Madagascar’s Best Kept Tourism Secrets


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‘Madagascar’ is a name that suggests faraway mystique, but few people could spot it on a map. That should change. There are great places to visit here, places that tend to be just off the usual tourist traps. Take a look:
Source: Pinterest

Ifaty

Ifaty is an area of fishing villages renowned for its baobab trees onshore and the fine snorkeling in its clear waters. .

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Andasibe-Mantadia National Park

Eleven lemur species live in Andasibe-Mantadia National Park. One of them is the Indri, Madagascar’s largest. There are lots of other exotic creatures there, too – like this chameleon.

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Nosy Be

The island of Nosy Be has some of world’s most tranquil, atmospheric beaches. It also has some fine seafood restaurants.

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Royal Hill of Ambohimanga

For 500 years, the village known as the Royal Hill of Ambohimanga was renowned as a sacred spot by the Malagasy people.

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Ranomafana National Park

Located in the southeastern region of near the village of Ranomafana, the Ranomafana National Park is one of Madagascar’’s most popular parks, It’s the home of the golden bamboo lemur, which eats bamboo shoots full of cyanide.

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Ile Sainte Marie

The Ile Sainte Marie lies off the east coast of Madagascar, is an excellent location for both snorkeling and observing humpback whales. A few hundred years ago, it was a favorite haunt for pirates. Several old pirate ships can still be visited.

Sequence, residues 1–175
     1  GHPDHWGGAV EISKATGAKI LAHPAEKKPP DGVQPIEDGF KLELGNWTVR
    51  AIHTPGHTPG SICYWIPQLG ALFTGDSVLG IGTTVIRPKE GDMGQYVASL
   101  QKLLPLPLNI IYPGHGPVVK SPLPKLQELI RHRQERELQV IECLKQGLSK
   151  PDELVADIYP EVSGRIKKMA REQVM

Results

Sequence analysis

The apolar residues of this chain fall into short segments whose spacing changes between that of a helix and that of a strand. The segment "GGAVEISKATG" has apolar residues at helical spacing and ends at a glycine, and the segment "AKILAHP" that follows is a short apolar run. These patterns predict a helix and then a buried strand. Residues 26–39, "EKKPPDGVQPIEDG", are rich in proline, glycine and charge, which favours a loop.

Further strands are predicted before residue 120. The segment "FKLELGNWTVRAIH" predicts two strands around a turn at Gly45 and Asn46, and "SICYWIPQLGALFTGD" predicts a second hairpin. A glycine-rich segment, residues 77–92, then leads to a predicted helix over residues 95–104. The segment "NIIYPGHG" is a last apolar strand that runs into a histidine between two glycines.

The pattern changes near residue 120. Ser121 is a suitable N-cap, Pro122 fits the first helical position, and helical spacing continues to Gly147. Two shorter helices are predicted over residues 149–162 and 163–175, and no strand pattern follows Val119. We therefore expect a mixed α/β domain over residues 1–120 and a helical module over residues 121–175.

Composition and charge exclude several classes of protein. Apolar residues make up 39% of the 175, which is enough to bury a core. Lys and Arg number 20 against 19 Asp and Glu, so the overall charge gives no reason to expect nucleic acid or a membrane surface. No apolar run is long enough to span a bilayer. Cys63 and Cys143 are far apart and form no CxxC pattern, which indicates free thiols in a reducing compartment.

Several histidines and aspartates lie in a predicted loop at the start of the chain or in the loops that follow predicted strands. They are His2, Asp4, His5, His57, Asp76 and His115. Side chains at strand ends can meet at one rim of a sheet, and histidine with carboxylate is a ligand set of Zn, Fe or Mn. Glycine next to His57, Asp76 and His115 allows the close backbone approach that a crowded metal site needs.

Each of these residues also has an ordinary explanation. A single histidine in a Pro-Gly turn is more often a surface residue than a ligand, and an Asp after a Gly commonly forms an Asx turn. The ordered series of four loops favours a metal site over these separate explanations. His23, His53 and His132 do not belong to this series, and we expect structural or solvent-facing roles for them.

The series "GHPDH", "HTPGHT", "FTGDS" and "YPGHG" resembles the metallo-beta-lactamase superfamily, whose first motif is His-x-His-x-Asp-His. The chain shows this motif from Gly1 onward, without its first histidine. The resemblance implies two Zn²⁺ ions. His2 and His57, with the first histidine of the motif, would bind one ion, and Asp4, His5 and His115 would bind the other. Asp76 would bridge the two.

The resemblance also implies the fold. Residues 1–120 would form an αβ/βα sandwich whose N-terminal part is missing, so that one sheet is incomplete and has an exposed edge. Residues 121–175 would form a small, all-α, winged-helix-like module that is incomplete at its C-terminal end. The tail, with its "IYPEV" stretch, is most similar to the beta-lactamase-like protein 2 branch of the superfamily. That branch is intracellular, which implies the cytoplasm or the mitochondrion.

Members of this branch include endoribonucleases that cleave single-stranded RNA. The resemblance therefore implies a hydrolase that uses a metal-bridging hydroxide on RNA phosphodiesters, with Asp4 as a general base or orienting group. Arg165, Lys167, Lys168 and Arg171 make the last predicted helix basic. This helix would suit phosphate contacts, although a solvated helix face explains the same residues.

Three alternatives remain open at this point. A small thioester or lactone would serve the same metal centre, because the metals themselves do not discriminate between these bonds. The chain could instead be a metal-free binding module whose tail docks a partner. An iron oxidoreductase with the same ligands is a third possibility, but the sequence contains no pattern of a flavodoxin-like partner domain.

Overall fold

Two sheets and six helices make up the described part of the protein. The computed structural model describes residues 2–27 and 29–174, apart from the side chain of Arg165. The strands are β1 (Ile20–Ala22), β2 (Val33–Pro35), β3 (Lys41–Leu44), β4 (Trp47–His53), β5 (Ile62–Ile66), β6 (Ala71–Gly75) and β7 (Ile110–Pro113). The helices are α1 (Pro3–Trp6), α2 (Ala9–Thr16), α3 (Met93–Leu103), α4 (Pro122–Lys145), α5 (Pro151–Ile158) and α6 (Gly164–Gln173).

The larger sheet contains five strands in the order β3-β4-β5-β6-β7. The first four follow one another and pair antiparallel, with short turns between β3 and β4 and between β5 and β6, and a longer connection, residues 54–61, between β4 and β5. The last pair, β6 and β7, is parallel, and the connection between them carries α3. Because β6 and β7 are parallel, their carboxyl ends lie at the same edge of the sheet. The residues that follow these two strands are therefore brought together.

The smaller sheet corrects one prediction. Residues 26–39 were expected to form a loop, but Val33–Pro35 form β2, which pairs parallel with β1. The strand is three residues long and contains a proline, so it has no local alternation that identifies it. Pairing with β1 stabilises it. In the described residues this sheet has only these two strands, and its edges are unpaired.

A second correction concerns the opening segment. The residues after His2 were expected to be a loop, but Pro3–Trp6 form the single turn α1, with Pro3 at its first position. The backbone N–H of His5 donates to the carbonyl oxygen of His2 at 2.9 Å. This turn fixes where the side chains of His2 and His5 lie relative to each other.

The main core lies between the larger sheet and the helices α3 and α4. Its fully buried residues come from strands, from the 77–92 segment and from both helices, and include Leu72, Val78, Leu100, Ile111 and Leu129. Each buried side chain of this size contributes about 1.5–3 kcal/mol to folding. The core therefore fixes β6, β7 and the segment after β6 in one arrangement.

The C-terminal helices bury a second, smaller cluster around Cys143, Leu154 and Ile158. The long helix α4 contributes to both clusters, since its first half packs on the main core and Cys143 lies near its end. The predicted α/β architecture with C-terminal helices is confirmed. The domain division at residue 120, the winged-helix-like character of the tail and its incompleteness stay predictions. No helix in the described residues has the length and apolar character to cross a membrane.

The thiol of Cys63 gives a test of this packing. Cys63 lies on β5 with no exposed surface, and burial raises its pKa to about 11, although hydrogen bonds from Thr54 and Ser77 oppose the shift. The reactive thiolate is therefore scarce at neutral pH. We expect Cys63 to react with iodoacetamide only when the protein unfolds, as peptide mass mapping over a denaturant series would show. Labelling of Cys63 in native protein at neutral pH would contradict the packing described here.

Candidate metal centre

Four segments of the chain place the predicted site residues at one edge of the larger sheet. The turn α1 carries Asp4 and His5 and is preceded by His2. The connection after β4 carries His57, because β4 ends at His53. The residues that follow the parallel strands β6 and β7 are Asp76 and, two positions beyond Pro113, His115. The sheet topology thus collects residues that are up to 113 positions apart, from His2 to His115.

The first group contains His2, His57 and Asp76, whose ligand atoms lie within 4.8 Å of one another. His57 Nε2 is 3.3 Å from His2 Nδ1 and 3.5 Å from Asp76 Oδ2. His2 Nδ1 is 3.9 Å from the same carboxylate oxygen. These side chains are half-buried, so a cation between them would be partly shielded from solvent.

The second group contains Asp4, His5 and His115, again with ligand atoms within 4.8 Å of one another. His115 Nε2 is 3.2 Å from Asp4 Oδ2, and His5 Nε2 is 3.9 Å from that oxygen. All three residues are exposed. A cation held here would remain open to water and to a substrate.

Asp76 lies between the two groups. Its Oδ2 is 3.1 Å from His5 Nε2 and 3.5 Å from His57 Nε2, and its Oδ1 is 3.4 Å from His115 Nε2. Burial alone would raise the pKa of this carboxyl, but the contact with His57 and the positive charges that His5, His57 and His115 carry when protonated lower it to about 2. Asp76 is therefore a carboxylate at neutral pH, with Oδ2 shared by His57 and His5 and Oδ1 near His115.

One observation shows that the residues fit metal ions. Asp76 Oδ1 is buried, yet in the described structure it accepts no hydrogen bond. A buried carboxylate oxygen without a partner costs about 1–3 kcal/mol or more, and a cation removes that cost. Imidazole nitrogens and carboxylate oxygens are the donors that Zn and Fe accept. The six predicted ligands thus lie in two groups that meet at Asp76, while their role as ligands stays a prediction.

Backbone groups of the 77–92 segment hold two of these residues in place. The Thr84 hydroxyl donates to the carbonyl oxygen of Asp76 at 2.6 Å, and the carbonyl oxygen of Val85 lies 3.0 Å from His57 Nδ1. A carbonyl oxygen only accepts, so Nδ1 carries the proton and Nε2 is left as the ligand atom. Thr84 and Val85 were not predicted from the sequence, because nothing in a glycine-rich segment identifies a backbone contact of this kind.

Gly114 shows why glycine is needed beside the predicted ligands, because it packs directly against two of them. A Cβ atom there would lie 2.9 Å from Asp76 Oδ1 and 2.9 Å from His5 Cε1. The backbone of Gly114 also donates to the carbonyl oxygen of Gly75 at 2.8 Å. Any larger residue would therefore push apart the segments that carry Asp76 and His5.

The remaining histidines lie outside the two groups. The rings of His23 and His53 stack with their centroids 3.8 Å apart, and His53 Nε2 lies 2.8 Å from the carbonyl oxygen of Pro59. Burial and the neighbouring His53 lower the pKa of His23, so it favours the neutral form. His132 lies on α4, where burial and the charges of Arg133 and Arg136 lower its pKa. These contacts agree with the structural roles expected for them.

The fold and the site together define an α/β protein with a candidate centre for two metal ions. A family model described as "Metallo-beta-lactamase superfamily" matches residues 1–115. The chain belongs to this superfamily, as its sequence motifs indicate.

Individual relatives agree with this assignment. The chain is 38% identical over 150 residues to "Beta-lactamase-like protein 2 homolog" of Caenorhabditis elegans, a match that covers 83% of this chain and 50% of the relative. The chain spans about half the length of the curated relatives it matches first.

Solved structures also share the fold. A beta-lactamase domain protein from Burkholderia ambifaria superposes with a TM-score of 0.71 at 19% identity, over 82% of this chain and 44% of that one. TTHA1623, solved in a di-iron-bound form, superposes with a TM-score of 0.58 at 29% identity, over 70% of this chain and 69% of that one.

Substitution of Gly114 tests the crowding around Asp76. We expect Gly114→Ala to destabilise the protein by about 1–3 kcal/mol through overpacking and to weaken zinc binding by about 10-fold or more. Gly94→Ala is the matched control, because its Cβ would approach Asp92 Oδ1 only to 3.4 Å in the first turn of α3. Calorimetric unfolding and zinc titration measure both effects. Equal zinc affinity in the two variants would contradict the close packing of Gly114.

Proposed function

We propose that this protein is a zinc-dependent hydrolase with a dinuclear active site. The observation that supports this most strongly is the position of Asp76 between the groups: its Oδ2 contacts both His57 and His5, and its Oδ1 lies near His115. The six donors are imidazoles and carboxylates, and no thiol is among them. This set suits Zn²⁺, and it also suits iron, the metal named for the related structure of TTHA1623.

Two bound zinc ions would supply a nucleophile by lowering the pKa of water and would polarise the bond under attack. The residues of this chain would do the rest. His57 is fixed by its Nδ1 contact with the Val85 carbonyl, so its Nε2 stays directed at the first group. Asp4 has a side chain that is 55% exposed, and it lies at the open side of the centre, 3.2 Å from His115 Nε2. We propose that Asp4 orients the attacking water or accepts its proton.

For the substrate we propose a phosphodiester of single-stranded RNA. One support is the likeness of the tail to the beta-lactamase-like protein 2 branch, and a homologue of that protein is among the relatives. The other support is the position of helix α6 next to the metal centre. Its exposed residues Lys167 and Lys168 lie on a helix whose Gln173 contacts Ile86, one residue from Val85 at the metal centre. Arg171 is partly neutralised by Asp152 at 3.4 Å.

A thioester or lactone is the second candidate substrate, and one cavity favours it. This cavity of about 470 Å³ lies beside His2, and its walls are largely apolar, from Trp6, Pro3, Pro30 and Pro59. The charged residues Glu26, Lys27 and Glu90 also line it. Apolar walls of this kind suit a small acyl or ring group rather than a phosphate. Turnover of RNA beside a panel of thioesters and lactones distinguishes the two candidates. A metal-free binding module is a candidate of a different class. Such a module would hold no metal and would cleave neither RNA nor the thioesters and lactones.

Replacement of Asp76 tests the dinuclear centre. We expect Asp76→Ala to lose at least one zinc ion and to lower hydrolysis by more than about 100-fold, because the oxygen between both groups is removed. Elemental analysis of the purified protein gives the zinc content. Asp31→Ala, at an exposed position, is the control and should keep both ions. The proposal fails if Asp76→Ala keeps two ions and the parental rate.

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Isalo National Park

The Isalo National Park has a little bit of almost every sort of terrain. You’ll need a guide. It’s easy to get lost among sandstone forms and steep canyon walls.

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The Avenue of the Baobabs

The Avenue of the Baobabs used to be forested, but the forest has been cleared for farmland, except for these weirdly majestic trees that can be up to 800 years old.

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Masoala National Park

The Masoala National Park is 250 square miles, most of it rain forest. Among creatures that make its home there is this Tomato frog, named for… well, it’s pretty obvious, isn’t it?

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Tsingy De Bemaraha Reserve

The Tsingy de Bemaraha Reserve holds seven species of lemur and a mangrove forest, but it’s best known for a geological formation, ‘tsingy,’ the strange pinnacles in the reserve park’s limestone plateau.

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